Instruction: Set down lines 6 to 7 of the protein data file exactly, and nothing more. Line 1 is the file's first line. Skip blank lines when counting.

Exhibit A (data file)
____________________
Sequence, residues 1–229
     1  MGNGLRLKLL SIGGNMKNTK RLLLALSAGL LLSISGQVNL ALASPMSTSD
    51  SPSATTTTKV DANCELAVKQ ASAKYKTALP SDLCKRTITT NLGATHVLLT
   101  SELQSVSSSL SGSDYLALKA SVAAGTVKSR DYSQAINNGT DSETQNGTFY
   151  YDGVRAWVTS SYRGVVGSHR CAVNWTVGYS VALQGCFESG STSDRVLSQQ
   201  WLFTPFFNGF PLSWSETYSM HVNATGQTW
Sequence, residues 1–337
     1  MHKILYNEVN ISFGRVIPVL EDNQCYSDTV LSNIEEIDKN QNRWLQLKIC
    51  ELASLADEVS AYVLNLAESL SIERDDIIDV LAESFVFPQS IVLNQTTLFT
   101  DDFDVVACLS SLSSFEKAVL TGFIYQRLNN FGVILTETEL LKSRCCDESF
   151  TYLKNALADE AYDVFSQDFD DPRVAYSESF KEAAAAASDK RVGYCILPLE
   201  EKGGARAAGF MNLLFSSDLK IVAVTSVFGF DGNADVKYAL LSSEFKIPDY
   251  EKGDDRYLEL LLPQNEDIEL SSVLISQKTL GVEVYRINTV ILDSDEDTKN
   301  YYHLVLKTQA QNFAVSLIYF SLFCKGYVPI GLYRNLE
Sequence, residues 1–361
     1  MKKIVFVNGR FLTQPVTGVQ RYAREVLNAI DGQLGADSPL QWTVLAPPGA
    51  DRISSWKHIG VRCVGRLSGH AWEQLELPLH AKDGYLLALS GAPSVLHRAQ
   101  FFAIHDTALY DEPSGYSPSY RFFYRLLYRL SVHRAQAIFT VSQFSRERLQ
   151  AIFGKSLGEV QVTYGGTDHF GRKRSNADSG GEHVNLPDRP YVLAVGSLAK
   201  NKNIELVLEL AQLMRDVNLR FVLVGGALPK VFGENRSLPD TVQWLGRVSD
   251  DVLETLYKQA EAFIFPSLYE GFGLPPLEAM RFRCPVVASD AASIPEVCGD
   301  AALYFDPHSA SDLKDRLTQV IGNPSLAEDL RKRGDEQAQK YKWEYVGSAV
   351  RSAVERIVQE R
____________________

   201  WLFTPFFNGF PLSWSETYSM HVNATGQTW
Sequence, residues 1–337